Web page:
Newspaper headlines: Airport Ebola testing 'shambles'

The main story in Britain's national newspapers on New Year's Eve concerns the way in which Ebola-infected nurse Pauline Cafferkey was allowed to pass British airport tests and return to her home in Blantyre, central Scotland.

The Daily Telegraph says health officials have admitted staff could have taken a more "precautionary" approach with Ms Cafferkey, who had told them she was feeling unwell on a stopover at Heathrow Airport.

The nurse was returning from Sierra Leone, where she had been volunteering at an Ebola treatment centre.

Image copyright The Scotsman
Image caption Pauline Cafferkey in Sierra Leone

The paper notes that health officials have traced 101 of the 205 people who travelled with Ms Cafferkey on her flights from Casablanca to Heathrow and Heathrow to Glasgow.

A doctor who travelled back to Heathrow with Ms Cafferkey is quoted in the paper as saying procedures at the airport were "like a cattle market" and "shambolic".

Dr Martin Deahl says, "We were all ushered into a suite of rooms at Border Control but they were very cramped. If no one had come into close contact with the poor nurse on the flight then they certainly would have done at this point.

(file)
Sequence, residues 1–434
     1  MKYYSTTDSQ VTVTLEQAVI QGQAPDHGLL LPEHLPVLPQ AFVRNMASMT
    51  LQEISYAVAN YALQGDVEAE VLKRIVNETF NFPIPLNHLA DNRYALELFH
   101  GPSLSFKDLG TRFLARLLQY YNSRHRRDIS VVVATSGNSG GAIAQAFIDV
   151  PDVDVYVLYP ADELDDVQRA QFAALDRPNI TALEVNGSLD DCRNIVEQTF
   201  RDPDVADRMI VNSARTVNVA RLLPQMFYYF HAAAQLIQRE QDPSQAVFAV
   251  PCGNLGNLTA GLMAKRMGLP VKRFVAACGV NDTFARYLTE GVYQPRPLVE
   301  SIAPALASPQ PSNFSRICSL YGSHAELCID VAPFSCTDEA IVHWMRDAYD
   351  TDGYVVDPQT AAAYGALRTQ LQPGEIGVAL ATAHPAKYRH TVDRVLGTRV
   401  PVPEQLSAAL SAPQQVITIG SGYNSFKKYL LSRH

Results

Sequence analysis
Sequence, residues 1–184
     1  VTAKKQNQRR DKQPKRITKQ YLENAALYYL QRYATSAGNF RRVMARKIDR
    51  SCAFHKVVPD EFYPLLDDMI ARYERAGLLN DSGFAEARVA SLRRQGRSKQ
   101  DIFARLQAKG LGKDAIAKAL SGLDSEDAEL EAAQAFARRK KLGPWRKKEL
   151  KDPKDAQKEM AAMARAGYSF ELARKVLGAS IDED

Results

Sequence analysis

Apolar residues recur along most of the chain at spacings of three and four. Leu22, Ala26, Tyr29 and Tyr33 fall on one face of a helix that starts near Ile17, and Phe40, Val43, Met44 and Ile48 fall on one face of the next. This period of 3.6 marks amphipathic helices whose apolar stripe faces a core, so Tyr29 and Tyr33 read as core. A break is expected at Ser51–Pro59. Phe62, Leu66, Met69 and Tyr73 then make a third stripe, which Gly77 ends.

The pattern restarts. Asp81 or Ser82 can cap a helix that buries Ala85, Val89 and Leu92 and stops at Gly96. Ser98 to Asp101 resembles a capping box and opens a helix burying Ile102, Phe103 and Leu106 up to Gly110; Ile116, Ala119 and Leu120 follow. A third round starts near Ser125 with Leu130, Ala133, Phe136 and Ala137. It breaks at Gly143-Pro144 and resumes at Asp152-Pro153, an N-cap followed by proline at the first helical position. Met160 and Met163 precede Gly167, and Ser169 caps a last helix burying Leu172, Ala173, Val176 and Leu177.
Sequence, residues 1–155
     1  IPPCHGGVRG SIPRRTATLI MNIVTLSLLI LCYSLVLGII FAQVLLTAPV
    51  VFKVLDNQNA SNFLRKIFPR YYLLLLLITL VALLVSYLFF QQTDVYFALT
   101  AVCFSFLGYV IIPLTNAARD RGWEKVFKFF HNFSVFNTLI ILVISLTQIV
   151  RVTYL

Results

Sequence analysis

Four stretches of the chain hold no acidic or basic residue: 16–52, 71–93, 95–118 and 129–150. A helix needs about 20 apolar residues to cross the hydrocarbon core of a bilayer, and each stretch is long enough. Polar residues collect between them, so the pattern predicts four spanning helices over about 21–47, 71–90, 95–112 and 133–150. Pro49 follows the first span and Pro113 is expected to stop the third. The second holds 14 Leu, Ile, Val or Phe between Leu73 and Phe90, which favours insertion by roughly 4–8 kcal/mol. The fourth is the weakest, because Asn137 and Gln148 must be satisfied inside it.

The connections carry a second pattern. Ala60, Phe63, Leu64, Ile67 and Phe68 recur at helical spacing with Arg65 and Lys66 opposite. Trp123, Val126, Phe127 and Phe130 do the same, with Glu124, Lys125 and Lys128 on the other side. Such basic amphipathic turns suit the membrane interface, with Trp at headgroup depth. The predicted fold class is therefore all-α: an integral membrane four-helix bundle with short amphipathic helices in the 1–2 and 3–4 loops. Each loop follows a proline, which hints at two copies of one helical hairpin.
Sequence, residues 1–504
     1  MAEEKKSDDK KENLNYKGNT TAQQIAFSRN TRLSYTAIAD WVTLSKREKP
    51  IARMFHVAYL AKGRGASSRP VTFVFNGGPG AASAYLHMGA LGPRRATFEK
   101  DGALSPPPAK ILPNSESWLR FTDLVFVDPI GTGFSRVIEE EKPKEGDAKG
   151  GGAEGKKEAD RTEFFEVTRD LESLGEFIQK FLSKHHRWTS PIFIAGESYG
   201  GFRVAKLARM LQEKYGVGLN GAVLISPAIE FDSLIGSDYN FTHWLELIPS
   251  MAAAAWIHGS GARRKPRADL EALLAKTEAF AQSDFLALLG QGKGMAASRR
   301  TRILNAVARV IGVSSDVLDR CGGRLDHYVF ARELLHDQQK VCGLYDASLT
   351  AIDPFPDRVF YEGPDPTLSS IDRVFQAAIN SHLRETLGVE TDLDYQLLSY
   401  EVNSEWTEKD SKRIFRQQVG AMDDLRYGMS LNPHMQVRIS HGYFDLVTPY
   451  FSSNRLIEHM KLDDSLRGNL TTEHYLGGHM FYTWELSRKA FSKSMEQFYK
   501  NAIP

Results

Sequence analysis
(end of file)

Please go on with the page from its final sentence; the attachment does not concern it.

"We were told we could go home using public transport but then told not to use public transport when we got home or to go into crowded places. Some people had to catch a tube train into London, if that isn't a crowded place then I don't what is."

In its inside pages, the Telegraph carries a partial diary made by Ms Cafferkey for the Scotsman newspaper of her experiences at the centre in Kerry Town in Sierra Leone.

She speaks how colleagues wish each other "good luck" whenever they enter the hospital's "red zone" containing contagious patients, and at her feelings of helplessness when dealing with families where most members have died or are dying.

It is, the paper says, a diary from "the front line of death".

The Daily Mail says Dr Deahl - who worked at a different treatment centre in Sierra Leone to Ms Cafferkey - speculates that she may have contracted the virus at a Christmas church service.

Image copyright Science Photo Library

The paper notes the Sierra Leoneans are "a very tactile people" and children would often want to hug health workers helping them.

Writing in the Guardian, health editor Sarah Boseley says Public Health England (PHE) is caught between expert advice that there is little risk to anyone from air travellers arriving here incubating the disease, and press and political pressure for a more stringent line.

She notes that the virus appears to only transmit at a stage when the patient's body temperature is above 37.5C - and not via sweat or tears at the early stage of fever.

"If you sat beside someone with the virus whose temperature was beginning to rise, you would be very unlikely to catch it," she explains.

The Sun editorial continues the theme. It says "the panic in Britain over Ebola is out of all proportion to its risk to us.

"Yes Ebola has a relatively high fatality rate. But it is hard to catch.

"It doesn't travel through the air and survives only a short time on surfaces. Soap and water kills it."